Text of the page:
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As of July 2012[update], the group developing SPDY has stated publicly that it is working toward standardisation (available as an Internet Draft).[3] The first draft of HTTP 2.0 is using SPDY as the working base for its specification draft and editing.[4] Design[edit] The goal of SPDY is to reduce web page load time.[9] This is achieved by prioritizing and multiplexing the transfer of web page subresources so that only one connection per client is required.[1][10] TLS encryption is nearly ubiquitous in SPDY implementations, and transmission headers are gzip- or DEFLATE-compressed by design[11] (in contrast to HTTP, where the headers are sent as human-readable text). Moreover, servers may hint or even push content instead of awaiting individual requests for each resource of a web page.[12] SPDY requires the use of SSL/TLS (with TLS extension NPN), and does not support operation over plain HTTP. Relation to HTTP[edit] Caching[edit] Protocol support[edit] Protocol versions[edit] See also[edit] Related:  nginx optimization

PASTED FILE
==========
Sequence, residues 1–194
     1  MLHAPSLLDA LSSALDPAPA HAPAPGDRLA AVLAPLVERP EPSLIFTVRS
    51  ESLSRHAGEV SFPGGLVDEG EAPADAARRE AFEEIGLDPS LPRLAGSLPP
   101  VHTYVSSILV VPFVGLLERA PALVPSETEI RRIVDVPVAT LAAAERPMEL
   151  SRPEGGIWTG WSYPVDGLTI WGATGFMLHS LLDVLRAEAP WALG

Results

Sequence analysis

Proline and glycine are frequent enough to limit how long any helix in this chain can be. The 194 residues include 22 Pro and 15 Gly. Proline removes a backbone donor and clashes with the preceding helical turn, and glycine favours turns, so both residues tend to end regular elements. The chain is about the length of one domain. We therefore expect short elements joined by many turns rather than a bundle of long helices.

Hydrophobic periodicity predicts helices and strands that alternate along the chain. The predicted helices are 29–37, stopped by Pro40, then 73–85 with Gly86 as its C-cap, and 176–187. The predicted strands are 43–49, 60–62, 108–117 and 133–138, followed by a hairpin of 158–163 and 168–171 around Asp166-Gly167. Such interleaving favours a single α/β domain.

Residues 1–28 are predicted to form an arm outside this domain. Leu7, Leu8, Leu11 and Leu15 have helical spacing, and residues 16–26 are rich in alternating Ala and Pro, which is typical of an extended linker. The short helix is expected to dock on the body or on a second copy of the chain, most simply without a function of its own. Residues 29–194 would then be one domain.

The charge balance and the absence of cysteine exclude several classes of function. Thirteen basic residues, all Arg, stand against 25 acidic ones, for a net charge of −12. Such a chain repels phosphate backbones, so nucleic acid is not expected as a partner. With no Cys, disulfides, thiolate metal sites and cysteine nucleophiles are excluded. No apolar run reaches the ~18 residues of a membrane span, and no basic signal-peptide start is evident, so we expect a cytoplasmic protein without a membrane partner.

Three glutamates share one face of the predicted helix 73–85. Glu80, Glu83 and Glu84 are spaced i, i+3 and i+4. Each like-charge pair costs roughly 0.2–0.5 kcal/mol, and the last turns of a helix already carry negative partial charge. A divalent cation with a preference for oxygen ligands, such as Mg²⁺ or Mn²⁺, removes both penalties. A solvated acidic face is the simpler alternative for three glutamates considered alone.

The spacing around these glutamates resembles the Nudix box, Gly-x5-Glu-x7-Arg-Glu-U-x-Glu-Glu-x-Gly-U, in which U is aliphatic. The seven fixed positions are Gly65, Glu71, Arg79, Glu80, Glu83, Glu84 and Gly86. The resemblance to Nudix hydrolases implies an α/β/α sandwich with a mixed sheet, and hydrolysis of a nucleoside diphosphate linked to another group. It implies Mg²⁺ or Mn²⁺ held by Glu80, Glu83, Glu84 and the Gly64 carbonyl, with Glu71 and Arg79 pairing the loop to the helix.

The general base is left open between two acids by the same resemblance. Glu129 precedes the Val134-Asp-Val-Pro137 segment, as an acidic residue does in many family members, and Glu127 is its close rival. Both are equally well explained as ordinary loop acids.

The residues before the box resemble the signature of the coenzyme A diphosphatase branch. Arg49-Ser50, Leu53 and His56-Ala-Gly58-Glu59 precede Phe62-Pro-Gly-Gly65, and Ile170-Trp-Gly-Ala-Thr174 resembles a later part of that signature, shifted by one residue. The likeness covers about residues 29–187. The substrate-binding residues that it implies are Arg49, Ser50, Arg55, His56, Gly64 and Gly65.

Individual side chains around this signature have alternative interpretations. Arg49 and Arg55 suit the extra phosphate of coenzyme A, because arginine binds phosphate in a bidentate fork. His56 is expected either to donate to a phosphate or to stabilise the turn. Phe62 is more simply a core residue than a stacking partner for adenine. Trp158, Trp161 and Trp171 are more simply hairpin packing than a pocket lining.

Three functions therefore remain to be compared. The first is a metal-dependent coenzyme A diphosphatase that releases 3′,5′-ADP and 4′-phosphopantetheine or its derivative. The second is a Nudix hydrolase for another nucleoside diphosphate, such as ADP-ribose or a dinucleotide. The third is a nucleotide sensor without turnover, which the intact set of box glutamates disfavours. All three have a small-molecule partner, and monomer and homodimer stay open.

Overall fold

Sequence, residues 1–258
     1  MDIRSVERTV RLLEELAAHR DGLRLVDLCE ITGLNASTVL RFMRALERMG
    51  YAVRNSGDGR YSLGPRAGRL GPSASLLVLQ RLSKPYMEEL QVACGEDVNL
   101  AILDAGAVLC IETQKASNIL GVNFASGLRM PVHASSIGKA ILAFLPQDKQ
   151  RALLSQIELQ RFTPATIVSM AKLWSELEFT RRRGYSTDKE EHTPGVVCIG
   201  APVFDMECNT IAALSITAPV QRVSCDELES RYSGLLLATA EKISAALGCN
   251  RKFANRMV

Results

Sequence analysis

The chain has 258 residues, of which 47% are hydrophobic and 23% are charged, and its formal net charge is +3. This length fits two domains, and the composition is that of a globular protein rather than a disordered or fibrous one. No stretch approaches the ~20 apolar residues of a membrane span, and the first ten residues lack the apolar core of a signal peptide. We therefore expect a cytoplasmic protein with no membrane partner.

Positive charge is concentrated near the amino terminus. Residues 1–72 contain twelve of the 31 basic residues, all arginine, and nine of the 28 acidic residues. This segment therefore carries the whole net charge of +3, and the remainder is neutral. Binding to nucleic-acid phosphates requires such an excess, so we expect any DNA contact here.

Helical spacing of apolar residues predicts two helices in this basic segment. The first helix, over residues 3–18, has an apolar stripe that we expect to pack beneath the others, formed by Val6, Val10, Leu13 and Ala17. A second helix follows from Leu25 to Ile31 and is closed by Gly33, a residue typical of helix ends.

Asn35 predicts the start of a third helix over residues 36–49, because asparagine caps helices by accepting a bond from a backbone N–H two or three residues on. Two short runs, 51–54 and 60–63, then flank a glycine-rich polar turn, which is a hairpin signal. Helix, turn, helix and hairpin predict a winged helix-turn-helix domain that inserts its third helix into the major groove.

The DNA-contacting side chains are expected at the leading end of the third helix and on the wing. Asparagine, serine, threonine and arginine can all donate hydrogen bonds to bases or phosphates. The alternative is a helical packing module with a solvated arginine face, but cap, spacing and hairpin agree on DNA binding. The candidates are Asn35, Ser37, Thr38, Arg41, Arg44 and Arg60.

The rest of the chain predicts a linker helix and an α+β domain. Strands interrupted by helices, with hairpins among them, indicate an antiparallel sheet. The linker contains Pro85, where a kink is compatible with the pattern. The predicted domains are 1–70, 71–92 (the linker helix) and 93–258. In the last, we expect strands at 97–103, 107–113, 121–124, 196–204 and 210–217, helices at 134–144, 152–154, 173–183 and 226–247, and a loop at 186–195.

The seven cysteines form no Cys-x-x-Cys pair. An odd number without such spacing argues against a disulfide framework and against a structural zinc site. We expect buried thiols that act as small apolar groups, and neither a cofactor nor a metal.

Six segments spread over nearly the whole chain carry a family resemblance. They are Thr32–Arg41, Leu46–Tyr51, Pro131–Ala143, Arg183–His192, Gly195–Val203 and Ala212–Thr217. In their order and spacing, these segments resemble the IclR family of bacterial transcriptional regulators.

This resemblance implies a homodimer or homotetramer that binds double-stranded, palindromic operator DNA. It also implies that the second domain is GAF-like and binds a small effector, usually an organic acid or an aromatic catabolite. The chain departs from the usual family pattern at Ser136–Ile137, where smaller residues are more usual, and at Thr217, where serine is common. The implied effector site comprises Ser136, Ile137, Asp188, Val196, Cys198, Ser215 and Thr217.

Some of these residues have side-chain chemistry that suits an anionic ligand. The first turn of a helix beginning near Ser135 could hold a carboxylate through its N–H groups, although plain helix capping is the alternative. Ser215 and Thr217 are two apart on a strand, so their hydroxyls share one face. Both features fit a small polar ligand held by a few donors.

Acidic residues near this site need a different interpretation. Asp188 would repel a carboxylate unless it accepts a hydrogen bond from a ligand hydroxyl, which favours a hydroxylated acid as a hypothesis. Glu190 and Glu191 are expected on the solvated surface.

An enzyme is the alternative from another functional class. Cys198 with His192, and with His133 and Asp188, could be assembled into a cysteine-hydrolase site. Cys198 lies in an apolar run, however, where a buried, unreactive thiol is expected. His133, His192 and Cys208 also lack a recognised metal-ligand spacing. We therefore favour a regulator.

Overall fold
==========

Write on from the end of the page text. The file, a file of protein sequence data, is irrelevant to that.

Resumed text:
NGINX as a SPDY load balancer for Node.js Recently we wanted to integrate SPDY into our stack at SocialRadar to make requests to our API a bit more speedy (hurr hurr). Particularly for multiple subsequent requests in rapid succession, avoiding that TCP handshake on every request would be quite nice. Android has supported SPDY in its networking library for a little while and iOS added SPDY support in iOS 8 so we could get some nice performance boosts on our two most used platforms. Previously, we had clients connecting via normal HTTPS on port 443 to an Elastic Load Balancer which would handle the SSL negotiation and proxy requests into our backend running Node.js over standard HTTP. However, when we wanted to enable SPDY, we discovered that AWS Elastic Load Balancers don’t support SPDYIn order for SPDY to work optimally, it would need an end-to-end channel[1] So, I set out to find alternatives. Ultimately I settled on using NGINX as it had SPDY proxy support, it’s fast, and it’s relatively easy to configure. Kudos